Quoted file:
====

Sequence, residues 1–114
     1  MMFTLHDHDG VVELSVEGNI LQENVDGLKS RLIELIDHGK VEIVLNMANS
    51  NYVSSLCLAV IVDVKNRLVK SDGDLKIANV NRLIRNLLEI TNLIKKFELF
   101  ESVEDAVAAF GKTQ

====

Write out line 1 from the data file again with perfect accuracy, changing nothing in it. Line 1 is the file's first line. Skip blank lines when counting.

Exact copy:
Sequence, residues 1–114